The tactic has been especially effective when used by armored and heavily-armed infantry against shield wall defensive formations, where defenders link their shields to form an all-but impenetrable wall, such as was used at the Battle of Hastings. The flying wedge can be used to knock a small section of the wall open, and flank the enemy from inside their own line.
This tactic relies on momentum and penetration. If the point of the wedge can be stopped for even a moment, the wedge can be easily enveloped in a pincer attack. The wedge is still used in modern armies, especially by tanks and other armored units. An example of this is the Panzerkeil or Armored wedge used by the Germans in World War II.
The wedge formation is used ceremonially by cadets at the United States Air Force Academy during the annual graduation parade, when the soon-to-be commissioned first-class cadets (seniors) leave the Cadet Wing. This is the reverse of the acceptance parade, held each fall, when the new fourth-class cadets (freshmen) join the Cadet Wing in the inverted wedge formation.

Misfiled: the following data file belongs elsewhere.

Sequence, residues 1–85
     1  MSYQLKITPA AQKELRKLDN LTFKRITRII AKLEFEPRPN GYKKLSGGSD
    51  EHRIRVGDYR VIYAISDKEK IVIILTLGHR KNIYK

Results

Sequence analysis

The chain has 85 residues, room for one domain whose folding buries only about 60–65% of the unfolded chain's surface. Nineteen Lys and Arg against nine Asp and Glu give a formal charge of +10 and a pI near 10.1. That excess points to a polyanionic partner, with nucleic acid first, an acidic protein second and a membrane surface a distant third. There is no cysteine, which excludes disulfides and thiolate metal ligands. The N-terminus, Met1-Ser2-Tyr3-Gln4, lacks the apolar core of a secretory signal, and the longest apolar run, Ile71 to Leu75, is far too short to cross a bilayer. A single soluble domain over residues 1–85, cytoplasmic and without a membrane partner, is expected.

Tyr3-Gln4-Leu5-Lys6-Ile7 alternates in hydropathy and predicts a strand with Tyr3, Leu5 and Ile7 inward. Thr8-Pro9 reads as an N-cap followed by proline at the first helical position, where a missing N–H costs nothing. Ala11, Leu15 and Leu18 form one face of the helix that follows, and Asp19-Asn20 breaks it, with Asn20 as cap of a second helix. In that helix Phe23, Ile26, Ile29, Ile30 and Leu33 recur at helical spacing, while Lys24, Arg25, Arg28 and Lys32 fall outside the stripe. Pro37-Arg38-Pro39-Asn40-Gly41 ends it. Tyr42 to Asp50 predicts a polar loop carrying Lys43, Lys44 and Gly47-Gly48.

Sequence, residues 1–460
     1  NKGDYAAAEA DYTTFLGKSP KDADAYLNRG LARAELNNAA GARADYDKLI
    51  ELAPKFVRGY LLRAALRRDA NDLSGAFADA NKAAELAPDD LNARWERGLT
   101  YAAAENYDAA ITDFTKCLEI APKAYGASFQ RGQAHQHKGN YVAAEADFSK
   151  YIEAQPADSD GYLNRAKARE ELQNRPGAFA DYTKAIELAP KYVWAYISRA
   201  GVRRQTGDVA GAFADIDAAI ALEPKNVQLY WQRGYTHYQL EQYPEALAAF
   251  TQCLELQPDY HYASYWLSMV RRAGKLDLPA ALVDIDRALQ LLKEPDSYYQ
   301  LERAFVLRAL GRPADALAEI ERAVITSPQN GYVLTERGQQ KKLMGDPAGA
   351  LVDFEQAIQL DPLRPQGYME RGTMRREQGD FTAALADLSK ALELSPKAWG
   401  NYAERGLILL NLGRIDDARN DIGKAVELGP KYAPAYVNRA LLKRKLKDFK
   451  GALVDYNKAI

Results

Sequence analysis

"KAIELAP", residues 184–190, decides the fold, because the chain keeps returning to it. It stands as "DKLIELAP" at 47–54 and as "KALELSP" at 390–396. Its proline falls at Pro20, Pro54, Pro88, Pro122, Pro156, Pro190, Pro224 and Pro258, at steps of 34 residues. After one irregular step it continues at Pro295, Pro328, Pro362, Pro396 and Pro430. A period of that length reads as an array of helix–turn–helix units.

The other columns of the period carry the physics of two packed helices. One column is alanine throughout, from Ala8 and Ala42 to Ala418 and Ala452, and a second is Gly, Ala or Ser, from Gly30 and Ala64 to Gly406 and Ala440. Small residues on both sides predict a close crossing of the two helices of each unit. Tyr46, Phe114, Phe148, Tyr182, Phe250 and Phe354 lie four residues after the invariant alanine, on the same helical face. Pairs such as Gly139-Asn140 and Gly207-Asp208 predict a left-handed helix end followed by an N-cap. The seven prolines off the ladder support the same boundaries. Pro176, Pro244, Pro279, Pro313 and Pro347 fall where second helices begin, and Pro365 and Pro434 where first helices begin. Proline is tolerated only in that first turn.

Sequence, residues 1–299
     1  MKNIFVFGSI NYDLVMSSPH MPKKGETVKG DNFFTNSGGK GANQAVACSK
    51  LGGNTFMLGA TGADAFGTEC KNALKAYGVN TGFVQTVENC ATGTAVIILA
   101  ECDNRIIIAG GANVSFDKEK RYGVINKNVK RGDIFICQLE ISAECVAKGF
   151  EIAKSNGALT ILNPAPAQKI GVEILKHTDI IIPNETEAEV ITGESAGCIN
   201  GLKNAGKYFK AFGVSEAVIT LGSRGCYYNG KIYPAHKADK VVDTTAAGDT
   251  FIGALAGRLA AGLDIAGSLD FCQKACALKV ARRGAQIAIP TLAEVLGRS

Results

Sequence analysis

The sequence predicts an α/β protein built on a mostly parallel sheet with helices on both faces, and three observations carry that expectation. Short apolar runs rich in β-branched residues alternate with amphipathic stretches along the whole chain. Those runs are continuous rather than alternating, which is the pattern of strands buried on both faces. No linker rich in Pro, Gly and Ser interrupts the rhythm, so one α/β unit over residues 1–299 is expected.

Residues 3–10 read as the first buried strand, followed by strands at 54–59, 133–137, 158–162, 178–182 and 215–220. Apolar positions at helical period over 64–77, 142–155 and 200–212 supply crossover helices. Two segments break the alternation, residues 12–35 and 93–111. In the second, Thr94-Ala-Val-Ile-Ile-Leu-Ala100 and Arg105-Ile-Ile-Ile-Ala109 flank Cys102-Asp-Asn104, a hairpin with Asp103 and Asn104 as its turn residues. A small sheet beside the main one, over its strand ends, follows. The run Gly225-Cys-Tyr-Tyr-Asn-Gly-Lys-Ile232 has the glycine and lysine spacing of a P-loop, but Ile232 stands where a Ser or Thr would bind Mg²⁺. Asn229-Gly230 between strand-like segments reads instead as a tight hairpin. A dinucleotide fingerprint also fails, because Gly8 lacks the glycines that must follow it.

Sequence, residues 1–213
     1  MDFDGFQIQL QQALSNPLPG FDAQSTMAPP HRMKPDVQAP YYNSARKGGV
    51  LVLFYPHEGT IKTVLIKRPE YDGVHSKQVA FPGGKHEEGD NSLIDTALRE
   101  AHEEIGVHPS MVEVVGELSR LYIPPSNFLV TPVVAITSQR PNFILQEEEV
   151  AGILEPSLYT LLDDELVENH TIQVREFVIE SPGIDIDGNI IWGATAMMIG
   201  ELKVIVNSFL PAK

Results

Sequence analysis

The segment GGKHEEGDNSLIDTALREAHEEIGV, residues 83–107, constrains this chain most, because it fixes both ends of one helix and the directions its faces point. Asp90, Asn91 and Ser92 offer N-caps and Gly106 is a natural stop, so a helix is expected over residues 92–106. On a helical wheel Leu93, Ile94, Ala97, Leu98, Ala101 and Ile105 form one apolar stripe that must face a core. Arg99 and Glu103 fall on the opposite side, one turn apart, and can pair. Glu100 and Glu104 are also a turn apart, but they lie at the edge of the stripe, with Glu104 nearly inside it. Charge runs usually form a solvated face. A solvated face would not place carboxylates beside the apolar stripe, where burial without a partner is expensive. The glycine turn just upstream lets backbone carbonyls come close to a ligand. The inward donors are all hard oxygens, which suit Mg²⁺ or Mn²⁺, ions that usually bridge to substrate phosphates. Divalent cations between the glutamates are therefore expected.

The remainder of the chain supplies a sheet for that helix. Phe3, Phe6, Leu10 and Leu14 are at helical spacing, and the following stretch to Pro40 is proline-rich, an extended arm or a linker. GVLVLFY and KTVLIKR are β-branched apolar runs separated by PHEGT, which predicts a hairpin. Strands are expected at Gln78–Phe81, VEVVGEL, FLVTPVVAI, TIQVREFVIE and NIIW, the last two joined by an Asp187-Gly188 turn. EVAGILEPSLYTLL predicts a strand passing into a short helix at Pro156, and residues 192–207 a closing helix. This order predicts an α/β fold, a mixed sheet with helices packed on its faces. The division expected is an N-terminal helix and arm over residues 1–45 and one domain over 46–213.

A complete description of an infantry wedge is given by Sextus Grammaticus in his "Gesta Danorum". He depicts it as a formation 10 men deep with the first rank being comprised by 2 men, each rank comprising of 2 more. Thus, each Viking wedge was composed of 110 men, 10 deep, 2 men on its tip, and 20 on its base. According to the Vikings Odin himself invented the wedge formation.
A wedge whose ranks are not complete in the middle is shaped as an Λ instead of a Δ and is called a hollow wedge or in Greek κοιλεμβολον koilembolon.
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